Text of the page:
Sunday, May 19, 2019


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Quakertown Residents: We’re Fed up With Drug Problems
Written by Kelly Kalb Correspondent

                Residents of a close-knit development near the borough's Main Street Park and Route 309 in Quakertown pleaded with officials Monday night as they painted a picture of blossoming crime in their community.

                Concerned members of the Independence Place Community Association, Madison Court, came together to tell council members about criminal mischief and drug incidents within their development.

                The 108-townhome community, which consists in large part of families with small children, has experienced a recent run-in with drugs that allegedly involved children discovering small bags of heroin earlier this summer.

                Ron Myers, president of the homeowner's association, asked officials for additional police protection on the streets within the community and whether surveillance cameras are feasible.

                "At our last association meeting several residents brought up safety concerns, mostly in the Washington Court area, about getting cameras," Myers explained. He asked officials for permission to attach the cameras to utility poles and if use of the borough's power could be worked out.

                Borough manager and police Chief Scott McElree stated, "We appreciate you all coming tonight and we can certainly meet with your group in the near future. With cameras, there is a privacy issue and as an association I assume you have an attorney. Contact him and discuss the legal aspect involving privacy. You can put cameras up and the police department will support you."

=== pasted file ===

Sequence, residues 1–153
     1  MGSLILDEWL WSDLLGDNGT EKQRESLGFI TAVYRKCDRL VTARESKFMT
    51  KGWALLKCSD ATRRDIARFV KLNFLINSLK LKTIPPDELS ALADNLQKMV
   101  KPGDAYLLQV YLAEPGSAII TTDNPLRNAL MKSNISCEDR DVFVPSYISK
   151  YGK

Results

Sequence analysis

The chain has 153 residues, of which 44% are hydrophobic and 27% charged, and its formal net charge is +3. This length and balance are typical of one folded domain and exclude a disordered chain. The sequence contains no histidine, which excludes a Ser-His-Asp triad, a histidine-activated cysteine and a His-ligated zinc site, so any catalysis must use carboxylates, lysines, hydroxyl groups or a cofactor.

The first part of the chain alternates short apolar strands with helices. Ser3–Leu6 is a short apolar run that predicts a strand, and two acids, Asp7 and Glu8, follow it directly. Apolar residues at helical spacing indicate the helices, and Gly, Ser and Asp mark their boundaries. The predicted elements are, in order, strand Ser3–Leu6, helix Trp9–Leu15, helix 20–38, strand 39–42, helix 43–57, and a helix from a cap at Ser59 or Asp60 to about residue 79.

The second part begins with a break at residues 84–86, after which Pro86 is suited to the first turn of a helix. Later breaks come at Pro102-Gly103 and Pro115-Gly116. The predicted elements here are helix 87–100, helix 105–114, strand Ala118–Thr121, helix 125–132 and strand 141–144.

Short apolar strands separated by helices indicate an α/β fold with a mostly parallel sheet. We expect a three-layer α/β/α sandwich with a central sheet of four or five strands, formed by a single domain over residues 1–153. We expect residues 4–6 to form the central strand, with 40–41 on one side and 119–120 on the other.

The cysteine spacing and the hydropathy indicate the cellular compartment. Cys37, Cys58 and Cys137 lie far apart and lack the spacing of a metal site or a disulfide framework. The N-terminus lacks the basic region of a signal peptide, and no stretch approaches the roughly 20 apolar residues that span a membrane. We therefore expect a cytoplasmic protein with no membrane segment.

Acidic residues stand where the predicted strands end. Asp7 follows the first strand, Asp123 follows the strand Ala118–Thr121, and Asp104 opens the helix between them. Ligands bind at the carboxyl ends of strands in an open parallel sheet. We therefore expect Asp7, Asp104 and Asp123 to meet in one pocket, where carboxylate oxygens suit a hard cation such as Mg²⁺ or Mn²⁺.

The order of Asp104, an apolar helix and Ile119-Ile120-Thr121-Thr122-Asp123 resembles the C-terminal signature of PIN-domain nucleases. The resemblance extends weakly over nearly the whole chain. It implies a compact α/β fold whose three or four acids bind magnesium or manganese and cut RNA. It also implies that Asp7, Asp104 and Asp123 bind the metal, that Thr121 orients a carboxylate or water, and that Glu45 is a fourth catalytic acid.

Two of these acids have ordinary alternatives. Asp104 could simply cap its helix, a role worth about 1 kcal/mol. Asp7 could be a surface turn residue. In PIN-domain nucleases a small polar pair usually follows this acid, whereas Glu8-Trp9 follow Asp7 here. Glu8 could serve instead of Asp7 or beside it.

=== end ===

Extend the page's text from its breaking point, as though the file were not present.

McElree explained the benefits of installing visible security cameras as being a deterrent to criminals and also as an aid for police in identifying the parties involved as well as whether weapons are present during a crime. He also encouraged residents to report anyone within the neighborhood who is using or selling narcotics. This will allow for police monitoring and gathering of data such as license plate numbers to create a file on that person, he said.

                Officials explained the borough has funds budgeted for electronic surveillance with a priority list of locations starting with the community pool and parks. The hope is to deter vandals and other criminals, added McElree.

                In 2015, plans are also set to start running fiber optic lines throughout the borough which will tie in with PennDOT's lines and essentially provide better surveillance of a larger area.

                "We recognize the issues with drugs, especially heroin, in the borough and we are doing all we can at this point. It is a national problem, but we have been working with the county commissioners and the district attorney's office over the last eight months searching for a better plan," McElree said.

                In the interim, a meeting will be scheduled with residents of the development with police officer attendance.





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